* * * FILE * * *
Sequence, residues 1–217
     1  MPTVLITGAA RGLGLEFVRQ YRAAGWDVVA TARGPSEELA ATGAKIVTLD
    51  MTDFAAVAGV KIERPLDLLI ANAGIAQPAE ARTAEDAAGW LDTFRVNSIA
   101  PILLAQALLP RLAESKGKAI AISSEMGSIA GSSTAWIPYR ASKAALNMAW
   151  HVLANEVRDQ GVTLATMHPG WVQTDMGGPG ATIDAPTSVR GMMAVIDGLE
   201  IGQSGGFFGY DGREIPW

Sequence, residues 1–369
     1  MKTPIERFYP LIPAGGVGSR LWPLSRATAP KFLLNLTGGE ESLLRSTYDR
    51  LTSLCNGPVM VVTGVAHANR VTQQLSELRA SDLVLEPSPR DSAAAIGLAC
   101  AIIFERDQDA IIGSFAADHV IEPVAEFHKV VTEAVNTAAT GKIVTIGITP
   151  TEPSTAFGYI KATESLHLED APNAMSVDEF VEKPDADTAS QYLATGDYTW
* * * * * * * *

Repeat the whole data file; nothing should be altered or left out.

Sequence, residues 1–217
     1  MPTVLITGAA RGLGLEFVRQ YRAAGWDVVA TARGPSEELA ATGAKIVTLD
    51  MTDFAAVAGV KIERPLDLLI ANAGIAQPAE ARTAEDAAGW LDTFRVNSIA
   101  PILLAQALLP RLAESKGKAI AISSEMGSIA GSSTAWIPYR ASKAALNMAW
   151  HVLANEVRDQ GVTLATMHPG WVQTDMGGPG ATIDAPTSVR GMMAVIDGLE
   201  IGQSGGFFGY DGREIPW

Sequence, residues 1–369
     1  MKTPIERFYP LIPAGGVGSR LWPLSRATAP KFLLNLTGGE ESLLRSTYDR
    51  LTSLCNGPVM VVTGVAHANR VTQQLSELRA SDLVLEPSPR DSAAAIGLAC
   101  AIIFERDQDA IIGSFAADHV IEPVAEFHKV VTEAVNTAAT GKIVTIGITP
   151  TEPSTAFGYI KATESLHLED APNAMSVDEF VEKPDADTAS QYLATGDYTW